Read and download the Declaration published by the European Transboundary parks on the occasion of the 30th anniversary of the Berlin Wall Fall.

Climate change adaptation for Protected Area managers – discussing solutions

Source: Presentation of Cascais’ Action Plan for Climate Change Adaptation

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During the Conference 2019 in Latvia, EUROPARC held a number of workshops to discuss diverse topics relevant for Protected Areas management. In case you have not attended, or want to read about their outcomes, a series of online articles summarises their content.

Article by Olivier de Sadeleer, Project Manager LIFE NaturAdapt, EUROPARC.

How do we adapt Protected Area management to a changing climate?

Using 2 case studies from Cascais Ambiente in Portugal and from Teide National Park in Spain, a group of 25 conservation professionals from across Europe discussed and identified key issues and ideas to solve them.

Towards a diagnosis

Climate change effects increase the risk of wildfires globally. Photo by Michael Chacon/Unsplash.


The discussion highlighted that the uncertainty and the changes expected with a changing climate, will “force” Protected Area managers to adapt and change their practice to work in fast-changing circumstances. Flexibility was identified as an issue since the designation framework is usually slow and purposefully rigid.  This is further reinforced by he conservation paradigm, which seems to rest on the idea of permanence. The mental image of what Nature we should protect, how it should look like, and what species should be where, appear to be set in stone. On the same lines, many conservation strategies in Europe are aiming at keeping our fragile natural and cultural heritage as it is. 


The group identified a number of shortcomings when it comes to making decisions on meaningful and effective climate change adaptation plans and measures in Protected Areas:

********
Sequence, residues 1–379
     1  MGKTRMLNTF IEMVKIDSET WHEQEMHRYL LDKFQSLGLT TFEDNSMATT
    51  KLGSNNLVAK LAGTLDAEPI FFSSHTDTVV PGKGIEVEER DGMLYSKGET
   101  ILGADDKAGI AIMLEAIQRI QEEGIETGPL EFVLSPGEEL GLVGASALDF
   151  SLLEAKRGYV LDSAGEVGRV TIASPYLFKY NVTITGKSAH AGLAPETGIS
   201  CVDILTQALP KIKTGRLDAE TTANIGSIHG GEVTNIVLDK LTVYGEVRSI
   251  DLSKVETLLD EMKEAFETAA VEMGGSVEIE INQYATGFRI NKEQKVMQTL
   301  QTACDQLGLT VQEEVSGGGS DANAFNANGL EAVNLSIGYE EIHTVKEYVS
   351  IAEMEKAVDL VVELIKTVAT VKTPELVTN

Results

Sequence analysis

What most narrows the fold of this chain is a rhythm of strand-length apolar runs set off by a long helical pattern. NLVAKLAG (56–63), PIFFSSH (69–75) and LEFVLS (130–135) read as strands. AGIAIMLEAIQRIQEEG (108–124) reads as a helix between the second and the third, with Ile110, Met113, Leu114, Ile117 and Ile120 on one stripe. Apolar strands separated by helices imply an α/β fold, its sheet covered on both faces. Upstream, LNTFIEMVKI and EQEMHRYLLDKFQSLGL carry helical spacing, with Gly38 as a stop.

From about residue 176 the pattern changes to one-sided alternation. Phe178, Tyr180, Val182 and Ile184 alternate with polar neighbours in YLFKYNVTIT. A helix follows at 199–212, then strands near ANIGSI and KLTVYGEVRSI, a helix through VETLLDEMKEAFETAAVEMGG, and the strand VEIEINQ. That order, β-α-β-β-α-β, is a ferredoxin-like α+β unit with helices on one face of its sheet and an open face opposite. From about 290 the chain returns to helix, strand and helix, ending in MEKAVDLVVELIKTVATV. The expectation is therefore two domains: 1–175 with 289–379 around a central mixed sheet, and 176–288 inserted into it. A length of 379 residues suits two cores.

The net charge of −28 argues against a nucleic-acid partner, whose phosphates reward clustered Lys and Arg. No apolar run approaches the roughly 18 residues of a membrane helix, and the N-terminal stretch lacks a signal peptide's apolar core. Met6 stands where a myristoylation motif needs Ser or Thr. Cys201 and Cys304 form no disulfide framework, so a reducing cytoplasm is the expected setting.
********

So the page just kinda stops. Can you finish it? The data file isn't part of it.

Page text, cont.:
• lack of expertise about climate sciences and  cooperation between biologists and climate experts to understand the coming changes and define priorities;
  • lack of knowledge and data on the impact of climate changes on species;
  • lack of knowledge/examples/data about potential solutions;
  • lack of resources and political support to focus on building and implementing a climate change adaptation program on the long term.


A short inspiring movie by Greta Thunberg and George Monbiot was played to introduce the workshop. It connected the ideas of climate change, biodiversity extinction and nature-based solutions. Reactions by managers allowed us to highlight the third key issue. The communication gap that exists between: 

  • the need for simplicity of the message to engage communities and political decision makers;
  • the complexity of the issues we face and of the solutions one must implement in the field. We work in very complex socio-eco-systems where everything is interconnected. Many stakeholders are involved potentially competing on land use.

Besides those key issues, participants mentioned the existing land ownership structure and land use planning as problematic for the implementation of large-scale efficient and nature-friendly climate adaptation strategies. A significant number of conservation professionals felt that they have little influence (unfortunately) on such topics.